Mind you, the Mellotron wasn't really intended to be used in this way. It was a happy accident for which we can thank Mike Pinder of the Moody Blues. Pinder effectively hijacked the instrument for rock and pop use as the Mellotron was originally conceived by grey-suited men looking to create a Wurlitzer-style 'one-man-band' keyboard for acts who toured the social clubs. Paul McCartney got it right when he refers to the Mellotron sound as, "Very sleazy, very cabaret".
Not for nothing is a Mellotron compilation album entitled Rime of the Ancient Sampler. Musicians literally 'play' their own orchestra by pressing the Mellotron keys, triggering a tape recording of real instruments. To cut a long story short, the Mellotron came to be developed in Birmingham where Mike Pinder found himself a tester at the end of the assembly line and fell in love with the sound. The rest is glorious history...
The Mellotron's role in rock and pop history is fascinatingly laid out in a website called Planet Mellotron created by Mellotron player Andy Thompson [aw, shucks - ed.]. Mixing anal-retentiveness with full-blown fanaticism [OK, I take that back - ed.], Andy has compiled a list (continually being refreshed) of over 4,000 albums containing Mellotron. A mere browse of the letter S reveals surprising Mellotron use by Santana, Bob Seger, Scorpions and Springsteen (on The Rising). I've also pulled out my copies of albums by Semisonic, Split Enz and Sparks with the fresh excitement that Mellotrons lurk within. I'm sure also that John Wetton will be delighted to hear that his song Cold Is The Night is in a female 'Tron fan's Top 10 because it's "knicker-wettingly good".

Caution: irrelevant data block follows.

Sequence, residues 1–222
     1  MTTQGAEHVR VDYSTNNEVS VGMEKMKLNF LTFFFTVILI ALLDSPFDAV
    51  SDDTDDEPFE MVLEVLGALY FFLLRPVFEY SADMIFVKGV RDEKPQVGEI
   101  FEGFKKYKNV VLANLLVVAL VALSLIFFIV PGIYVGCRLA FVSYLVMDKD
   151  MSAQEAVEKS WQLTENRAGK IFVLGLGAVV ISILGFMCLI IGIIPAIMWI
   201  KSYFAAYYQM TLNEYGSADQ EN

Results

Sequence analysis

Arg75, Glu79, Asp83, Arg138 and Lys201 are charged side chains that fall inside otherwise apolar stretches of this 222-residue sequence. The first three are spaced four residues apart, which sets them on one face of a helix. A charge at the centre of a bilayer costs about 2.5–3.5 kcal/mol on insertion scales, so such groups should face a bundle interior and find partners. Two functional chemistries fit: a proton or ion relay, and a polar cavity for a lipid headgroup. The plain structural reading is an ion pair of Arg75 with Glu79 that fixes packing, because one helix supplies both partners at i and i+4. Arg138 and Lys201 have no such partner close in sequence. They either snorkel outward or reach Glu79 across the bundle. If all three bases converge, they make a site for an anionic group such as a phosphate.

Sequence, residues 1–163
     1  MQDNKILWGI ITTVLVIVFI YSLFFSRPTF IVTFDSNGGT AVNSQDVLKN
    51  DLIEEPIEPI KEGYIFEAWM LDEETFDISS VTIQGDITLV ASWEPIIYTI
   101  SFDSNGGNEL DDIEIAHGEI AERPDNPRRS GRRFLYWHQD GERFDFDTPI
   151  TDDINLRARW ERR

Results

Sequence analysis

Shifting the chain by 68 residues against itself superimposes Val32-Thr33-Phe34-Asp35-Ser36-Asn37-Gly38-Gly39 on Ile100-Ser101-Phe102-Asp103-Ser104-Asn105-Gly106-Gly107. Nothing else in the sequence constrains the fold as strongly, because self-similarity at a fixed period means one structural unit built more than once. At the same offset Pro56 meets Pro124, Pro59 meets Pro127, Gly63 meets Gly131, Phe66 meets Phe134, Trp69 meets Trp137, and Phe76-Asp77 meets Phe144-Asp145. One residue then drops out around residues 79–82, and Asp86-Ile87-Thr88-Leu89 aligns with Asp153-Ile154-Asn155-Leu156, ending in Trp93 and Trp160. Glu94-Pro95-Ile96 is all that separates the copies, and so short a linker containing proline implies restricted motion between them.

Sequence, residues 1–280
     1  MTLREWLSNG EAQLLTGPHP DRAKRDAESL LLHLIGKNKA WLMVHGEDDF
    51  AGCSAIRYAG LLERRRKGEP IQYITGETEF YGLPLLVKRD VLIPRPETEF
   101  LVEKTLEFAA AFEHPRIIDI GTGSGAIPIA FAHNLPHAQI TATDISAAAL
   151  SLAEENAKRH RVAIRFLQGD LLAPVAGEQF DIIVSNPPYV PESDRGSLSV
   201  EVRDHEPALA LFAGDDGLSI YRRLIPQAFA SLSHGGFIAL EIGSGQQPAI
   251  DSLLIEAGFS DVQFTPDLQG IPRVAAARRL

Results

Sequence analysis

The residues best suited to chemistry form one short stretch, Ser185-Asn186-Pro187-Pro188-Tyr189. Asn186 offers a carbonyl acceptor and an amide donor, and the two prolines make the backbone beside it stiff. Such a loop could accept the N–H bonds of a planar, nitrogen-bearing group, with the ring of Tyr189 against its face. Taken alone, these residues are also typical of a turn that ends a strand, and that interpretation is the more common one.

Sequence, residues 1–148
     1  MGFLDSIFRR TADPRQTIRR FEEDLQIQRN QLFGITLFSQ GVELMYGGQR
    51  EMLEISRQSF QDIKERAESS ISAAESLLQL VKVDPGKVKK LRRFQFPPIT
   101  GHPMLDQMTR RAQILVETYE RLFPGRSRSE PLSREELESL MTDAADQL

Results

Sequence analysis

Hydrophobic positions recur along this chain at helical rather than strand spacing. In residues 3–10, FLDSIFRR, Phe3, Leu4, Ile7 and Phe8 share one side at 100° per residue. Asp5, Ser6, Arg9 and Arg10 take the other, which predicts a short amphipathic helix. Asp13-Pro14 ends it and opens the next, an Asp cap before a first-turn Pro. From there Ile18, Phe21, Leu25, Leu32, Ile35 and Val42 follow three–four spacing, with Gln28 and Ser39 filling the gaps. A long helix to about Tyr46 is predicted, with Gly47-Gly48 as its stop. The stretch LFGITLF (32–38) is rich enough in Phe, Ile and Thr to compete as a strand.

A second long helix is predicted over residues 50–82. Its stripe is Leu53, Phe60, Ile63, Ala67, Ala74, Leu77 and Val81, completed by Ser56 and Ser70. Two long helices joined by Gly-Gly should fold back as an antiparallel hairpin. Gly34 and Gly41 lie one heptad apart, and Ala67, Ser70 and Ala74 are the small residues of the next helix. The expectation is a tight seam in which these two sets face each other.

That same moistness can be experienced at any gig by electronic band Radio Massacre International, whose 21 albums containing Mellotron come second only to King Crimson's 28 (thank you, again, Planet Mellotron). RMI's improvised gigs are veritable 'Tron fests, not least because their two keyboard players, Steve Dinsdale and Duncan Goddard, are quite fond of the water the Mellotron walks on. As Steve declares: "When it's played, it creates instant magic. It always adds a thick slice of beauty, a slab of gorgeous, textural analogue sound which seems to complement anything around it in the sonic picture from electronic soundscapes to epic Progressive Rock through to simple pop".
It's a bugger to tune, though. Robert Fripp famously once said: "Tuning a Mellotron doesn't". Steve will also tell you it's a bastard to haul around gigs and Duncan will tell you that maintaining it is like tinkering with a classic car. "It really does have good days and bad days", says Steve. "Sometimes it shines and plays beautifully, other times it says 'leave me alone, I'm having a bad day'. It may even turn out to be female".
But the real beauty of the Mellotron, they reckon, lies behind those keys pressing an analogue tape sound into action. "The Mellotron uses recordings of actual instruments and voices", Steve points out, "But it has a uniquely identifiable sound of its own. It also plays the sounds back in an unreliable way, and when you factor in the sometimes unreliable mechanics and wobbly motor speeds, it really is a law unto itself. It is the true embodiment of character in a musical instrument".

Best Ten 'Tron Moments (in no particular order)